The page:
Let Them Take Vacations: Pros and Cons of Unlimited Vacation Policies

Who doesn’t love a vacation? Time away from work is important for everyone. Vacation time not only boosts the economy, but it boosts the mental health and productivity of employees.

As an HR manager, it can be tough to set a paid time off policy that makes everyone happy and doesn’t place undue stress on your company. That’s why offering unlimited vacations to your employees—something that companies like Virgin and Netflix have done over the last few years—might seem to be totally impractical. If everyone’s allowed to take as much time as they want off, who’s going to be left to run the company? But that isn’t necessarily the case when it comes to unlimited vacation time.

Let’s take a look at some of the pros, cons, and misconceptions of giving your employees the freedom of unlimited paid time off (PTO).

PRO: It can make everyone happier to be there

This is the obvious benefit—what employee wouldn’t like to take time off whenever they’d like? An unlimited vacation policy means employees don’t have to fight for the weekend they want off at the beginning of the year. They can get some time away from work as needed, whether it’s a long weekend to unwind or a Wednesday afternoon to take their kids to a ballgame.

Unlimited vacation policies can be expanded to include all paid time off. That means sick and personal days don’t have to be carefully budgeted just in case of a particularly nasty flu season. Better still, this means new mothers and fathers or those caring for a sick family member can take as much time as they need to focus on those important things.

So it certainly boosts morale and your workplace culture, but it’s also a bonus recruitment tool. Not only is it a policy that appeals to all types of workers, but it’s a rare perk—less than one percent of companies have unlimited vacation—and all they’re all the more eye-catching.

CON: It can be tougher to organize and manage schedules

One necessary consequence of an employee taking a vacation is that usually the flow of work can’t stop. For companies with a high proportion of non-exempt employees, the need to make sure hours are covered without awarding too much overtime pay can become a hassle. And because employee vacations may not be chosen far ahead of time, there will be instances of a manager having to approve one employee’s request but not another’s. That can create some confusion and hurt feelings if not handled with respectful communication (which we’ll deal with in a little bit).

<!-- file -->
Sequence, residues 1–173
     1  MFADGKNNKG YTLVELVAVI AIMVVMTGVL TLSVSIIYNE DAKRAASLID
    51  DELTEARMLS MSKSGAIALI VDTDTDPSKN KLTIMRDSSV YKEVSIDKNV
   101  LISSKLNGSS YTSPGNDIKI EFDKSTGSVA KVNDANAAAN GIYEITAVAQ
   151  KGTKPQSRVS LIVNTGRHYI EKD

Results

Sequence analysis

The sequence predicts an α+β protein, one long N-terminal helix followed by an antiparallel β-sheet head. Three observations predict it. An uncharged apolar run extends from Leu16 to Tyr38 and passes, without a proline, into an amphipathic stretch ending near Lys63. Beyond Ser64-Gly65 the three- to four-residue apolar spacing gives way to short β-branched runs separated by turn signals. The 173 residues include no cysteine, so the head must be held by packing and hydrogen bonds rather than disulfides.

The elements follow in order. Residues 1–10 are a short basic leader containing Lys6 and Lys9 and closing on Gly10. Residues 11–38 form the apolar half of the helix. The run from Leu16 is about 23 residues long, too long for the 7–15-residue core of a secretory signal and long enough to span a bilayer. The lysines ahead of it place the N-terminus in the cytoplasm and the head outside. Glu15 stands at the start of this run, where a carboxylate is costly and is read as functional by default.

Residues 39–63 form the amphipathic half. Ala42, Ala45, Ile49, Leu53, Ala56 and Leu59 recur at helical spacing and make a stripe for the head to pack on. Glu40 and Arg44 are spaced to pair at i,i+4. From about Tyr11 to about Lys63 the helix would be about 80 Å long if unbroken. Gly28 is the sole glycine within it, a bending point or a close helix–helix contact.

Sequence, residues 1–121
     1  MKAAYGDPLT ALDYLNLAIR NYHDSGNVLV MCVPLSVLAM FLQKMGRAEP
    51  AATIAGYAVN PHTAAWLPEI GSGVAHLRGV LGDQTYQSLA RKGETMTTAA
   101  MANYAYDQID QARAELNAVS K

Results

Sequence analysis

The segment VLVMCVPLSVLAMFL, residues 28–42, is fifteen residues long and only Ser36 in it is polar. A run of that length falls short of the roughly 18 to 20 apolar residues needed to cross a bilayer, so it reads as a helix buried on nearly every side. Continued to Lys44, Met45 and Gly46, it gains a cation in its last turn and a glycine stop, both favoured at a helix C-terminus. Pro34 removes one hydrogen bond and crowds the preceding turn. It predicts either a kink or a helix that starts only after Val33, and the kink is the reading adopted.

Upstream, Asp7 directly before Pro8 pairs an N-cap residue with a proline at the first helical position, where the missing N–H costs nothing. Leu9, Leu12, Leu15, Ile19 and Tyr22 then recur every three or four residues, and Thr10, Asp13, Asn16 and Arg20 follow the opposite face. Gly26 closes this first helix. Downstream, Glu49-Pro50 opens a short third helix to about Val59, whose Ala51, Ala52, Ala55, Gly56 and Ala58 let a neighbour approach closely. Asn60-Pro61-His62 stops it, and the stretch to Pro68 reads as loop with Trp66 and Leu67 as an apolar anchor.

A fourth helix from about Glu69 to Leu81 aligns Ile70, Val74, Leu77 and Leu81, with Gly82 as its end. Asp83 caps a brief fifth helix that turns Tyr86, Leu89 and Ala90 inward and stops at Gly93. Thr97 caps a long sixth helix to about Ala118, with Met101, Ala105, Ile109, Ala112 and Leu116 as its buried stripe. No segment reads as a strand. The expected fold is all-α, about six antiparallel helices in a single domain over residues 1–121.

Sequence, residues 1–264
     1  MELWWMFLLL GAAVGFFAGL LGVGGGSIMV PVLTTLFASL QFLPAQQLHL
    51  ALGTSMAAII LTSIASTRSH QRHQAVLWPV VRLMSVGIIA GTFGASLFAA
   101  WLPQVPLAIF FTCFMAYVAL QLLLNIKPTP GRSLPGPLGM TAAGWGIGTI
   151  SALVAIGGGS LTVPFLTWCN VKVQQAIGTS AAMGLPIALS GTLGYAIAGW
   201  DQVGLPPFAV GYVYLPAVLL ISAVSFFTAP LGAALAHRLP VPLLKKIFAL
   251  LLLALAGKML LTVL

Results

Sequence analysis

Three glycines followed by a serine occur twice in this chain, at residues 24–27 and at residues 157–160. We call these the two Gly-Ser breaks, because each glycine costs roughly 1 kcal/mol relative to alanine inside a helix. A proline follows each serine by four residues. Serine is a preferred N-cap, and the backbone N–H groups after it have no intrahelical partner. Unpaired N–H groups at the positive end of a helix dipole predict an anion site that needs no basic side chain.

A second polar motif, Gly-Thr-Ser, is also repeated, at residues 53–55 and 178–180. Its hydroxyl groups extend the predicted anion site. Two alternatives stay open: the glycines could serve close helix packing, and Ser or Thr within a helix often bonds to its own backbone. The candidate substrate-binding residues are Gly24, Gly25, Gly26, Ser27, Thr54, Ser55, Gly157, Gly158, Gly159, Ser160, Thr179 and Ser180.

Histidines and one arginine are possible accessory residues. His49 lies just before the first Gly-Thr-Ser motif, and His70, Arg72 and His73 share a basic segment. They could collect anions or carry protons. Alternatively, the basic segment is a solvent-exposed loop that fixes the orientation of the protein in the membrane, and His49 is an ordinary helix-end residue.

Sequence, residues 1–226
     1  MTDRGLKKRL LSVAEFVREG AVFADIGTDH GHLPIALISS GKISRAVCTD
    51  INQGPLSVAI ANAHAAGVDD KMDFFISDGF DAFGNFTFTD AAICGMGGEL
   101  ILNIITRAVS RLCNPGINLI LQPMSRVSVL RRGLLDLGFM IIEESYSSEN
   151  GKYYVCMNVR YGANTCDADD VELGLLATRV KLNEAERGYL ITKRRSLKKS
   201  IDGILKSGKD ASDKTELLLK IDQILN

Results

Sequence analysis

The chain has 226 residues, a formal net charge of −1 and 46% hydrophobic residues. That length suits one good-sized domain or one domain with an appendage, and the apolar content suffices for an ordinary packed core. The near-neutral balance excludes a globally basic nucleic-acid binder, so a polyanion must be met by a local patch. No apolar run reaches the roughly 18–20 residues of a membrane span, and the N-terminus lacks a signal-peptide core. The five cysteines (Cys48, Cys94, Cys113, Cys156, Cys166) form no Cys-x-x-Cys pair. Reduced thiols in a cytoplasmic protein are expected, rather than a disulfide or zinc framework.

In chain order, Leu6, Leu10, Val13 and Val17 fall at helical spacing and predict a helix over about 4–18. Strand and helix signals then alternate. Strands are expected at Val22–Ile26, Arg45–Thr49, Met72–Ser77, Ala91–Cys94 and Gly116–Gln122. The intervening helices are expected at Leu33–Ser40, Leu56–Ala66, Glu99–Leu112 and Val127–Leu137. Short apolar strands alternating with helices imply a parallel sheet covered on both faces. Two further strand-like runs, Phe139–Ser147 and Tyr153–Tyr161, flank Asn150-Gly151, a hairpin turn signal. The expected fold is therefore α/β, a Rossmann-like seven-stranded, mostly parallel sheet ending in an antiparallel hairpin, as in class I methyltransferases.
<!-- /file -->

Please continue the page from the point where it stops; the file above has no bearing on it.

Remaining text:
PRO: It prevents the end-of-year vacation sprees

With traditional paid time off policies, there can be a rush to use up days before they expire at the end of the year, which can create a scheduling and coverage nightmare. Or, if vacation days roll over at your company, you may have the problem of people hardly using them at all in a given year.

An unlimited PTO policy removes a lot of the pressure to make one’s vacation days count. Your employees may already be better at managing unlimited time off than you think. For example, Virgin noticed that their employees took days off more thoughtfully and intermittently, using PTO only when they and their team were caught up on projects. The flexibility of unlimited vacation can result in PTO days being used more efficiently overall.

CON: It takes a lot of communication

Unlimited paid time off can create some uncertainty for the very employees who you’d think would jump for joy because of the new policy. People don’t want to rock the boat and some will think there has to be a catch. Or, they’ll think that they’re still an unwritten rule about how much time is reasonable—that’s why some companies with unlimited paid time off are seeing their employees actually take fewer vacation or personal days.

Preventing misunderstandings requires constant top-down communication about how employees can best use unlimited vacation time and even more communication between team members to make sure time off isn’t creating unfair scheduling patterns. If employees under the old policy were allowed to cash in accrued time off when they leave the company, an additional policy may be needed to keep them happy (which is something that led to Tribune Publishing rescinding their “discretionary time off” policy only a week after implementing it).

Unlimited vacation is just one of many modern HR policies that may or may not work for your company. At Paycor, we know how confusing it can be when deciding whether to jump on board with new trends. That’s why our Resource Center is always full of timely information to help you make the right decisions and build a better, happier workplace. Want to learn how you can make simple changes and take your people processes to the next level? Contact us today.

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